"We have an opportunity to create the jobs that will allow our young people to remain here instead of having to go away in order to provide for their families," he said in a news release. "We can establish a tax base that will provide not only for basic services and facilities, but also for maintaining and enhancing recreational and cultural amenities.

"To do this, we need to ensure that government spending is under control, that the cost of doing business here is reasonable, and that any restrictions that are imposed are well thought out and necessary for the public good."
Stephens said that he is seeking the office of mayor because he believes he has the combination of qualities necessary to be successful in the current economic climate. He has both business experience and hands-on knowledge of how the City works through his six years of service on City Council.
Stephens has more than 30 years experience in business — as the owner of an Ethan Allen Furniture Gallery and in the real estate development industry. Having held senior management positions with three prestigious master-planned communities, he has an extensive background in administration; budgeting; national and on-site sales and marketing; product, amenity and infrastructure development; club operations; as well as government and community relations.
A native of Georgia, Stephens earned a bachelor of business administration degree from the University of Georgia in Athens and a master of business administration degree from Emory University in Atlanta.

He came to Hendersonville as president/project director of Champion Hills in 1996. When the project was successfully completed, he and his wife Mary (born Mary Culclasure, of Greenville, S.C.) chose to remain in Hendersonville because of the unique and special attributes of this community. Retired from the firm that developed Champion Hills, Stephens is now a broker with Beverly-Hanks and Associates.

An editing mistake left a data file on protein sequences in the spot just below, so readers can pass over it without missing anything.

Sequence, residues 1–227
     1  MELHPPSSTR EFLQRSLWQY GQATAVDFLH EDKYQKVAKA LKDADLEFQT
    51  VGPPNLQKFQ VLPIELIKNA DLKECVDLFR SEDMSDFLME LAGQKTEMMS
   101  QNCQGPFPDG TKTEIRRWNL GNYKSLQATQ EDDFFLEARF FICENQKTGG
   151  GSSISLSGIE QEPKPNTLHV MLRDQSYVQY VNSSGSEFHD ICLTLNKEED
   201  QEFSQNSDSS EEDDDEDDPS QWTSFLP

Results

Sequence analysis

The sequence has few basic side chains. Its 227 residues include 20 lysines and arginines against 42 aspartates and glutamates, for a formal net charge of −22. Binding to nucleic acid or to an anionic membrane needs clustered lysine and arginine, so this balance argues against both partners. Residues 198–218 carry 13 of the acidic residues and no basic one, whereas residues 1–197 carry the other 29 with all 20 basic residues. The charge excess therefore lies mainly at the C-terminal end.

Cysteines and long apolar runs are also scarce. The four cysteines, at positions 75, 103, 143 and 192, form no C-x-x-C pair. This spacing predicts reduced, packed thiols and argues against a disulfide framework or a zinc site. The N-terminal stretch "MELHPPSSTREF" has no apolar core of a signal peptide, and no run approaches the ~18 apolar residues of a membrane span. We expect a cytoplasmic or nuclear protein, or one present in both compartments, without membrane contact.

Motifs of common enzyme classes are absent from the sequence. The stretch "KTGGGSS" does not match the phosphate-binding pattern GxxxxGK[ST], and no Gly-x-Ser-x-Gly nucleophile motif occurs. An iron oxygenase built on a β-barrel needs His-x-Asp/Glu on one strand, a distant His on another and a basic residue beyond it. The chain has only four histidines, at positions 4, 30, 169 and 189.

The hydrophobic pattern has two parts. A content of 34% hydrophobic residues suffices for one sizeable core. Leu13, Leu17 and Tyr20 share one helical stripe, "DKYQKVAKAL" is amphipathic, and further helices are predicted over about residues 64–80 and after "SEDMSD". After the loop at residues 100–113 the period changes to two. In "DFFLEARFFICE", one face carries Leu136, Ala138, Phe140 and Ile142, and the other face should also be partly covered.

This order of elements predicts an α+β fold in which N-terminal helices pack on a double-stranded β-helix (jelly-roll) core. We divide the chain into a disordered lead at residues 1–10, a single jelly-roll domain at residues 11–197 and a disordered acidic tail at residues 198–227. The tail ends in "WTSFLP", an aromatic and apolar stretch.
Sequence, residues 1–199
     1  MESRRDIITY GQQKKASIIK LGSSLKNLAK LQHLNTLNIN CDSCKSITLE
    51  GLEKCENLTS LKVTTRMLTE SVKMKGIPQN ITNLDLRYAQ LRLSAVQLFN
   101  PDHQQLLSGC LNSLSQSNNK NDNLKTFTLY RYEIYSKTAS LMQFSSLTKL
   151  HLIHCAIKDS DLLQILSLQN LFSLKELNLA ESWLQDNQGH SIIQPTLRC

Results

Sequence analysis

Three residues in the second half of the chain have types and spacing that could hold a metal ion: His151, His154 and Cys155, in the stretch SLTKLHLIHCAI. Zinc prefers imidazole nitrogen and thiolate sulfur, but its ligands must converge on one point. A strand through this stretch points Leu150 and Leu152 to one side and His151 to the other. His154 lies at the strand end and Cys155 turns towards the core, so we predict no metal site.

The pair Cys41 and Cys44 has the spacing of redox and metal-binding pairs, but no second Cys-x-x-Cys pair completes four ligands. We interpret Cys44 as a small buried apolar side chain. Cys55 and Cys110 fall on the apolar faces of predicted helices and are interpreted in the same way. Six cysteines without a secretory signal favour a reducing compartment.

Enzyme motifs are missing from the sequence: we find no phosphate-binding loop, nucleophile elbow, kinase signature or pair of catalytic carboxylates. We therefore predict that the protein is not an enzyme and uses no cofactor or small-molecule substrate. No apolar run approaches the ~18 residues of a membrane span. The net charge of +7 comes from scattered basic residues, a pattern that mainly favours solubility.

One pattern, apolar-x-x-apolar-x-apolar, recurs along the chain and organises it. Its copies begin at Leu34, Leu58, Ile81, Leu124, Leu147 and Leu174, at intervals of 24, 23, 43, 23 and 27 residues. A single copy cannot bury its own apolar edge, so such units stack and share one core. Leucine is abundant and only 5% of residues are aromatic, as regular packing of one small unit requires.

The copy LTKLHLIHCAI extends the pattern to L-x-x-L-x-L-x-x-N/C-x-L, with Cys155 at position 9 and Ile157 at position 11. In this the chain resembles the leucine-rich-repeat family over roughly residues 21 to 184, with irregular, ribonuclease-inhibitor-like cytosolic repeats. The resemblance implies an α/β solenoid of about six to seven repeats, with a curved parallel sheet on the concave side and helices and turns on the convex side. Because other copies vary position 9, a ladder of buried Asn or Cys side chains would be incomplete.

During his tenure in Hendersonville, Stephens has been an active and enthusiastic participant in government, civic, and charitable organizations. In addition to his current service as councilman, he has served as Mayor Pro Tem, as chairman of the Hendersonville Planning Board, as a member of the Hendersonville Comprehensive Plan Committee, as chairman of the Hendersonville Land Plan Revision Committee, chairman of the Mud Creek Sewer District Advisory Council, member of the Boys & Girls Club of Hendersonville Board, campaign chair of the United Way of Henderson County, chairman of the Pardee Hospital Board, member of the Four Seasons Hospice Board, member of the Rotary Club of Hendersonville Board, chair of Environmental Committee and board member of the Greater Henderson County Chamber of Commerce, and as president of the Hendersonville Board of Realtors.
Mary and Ron Stephens have two married daughters and five grandchildren and are members of Saint John in the Wilderness Episcopal Church.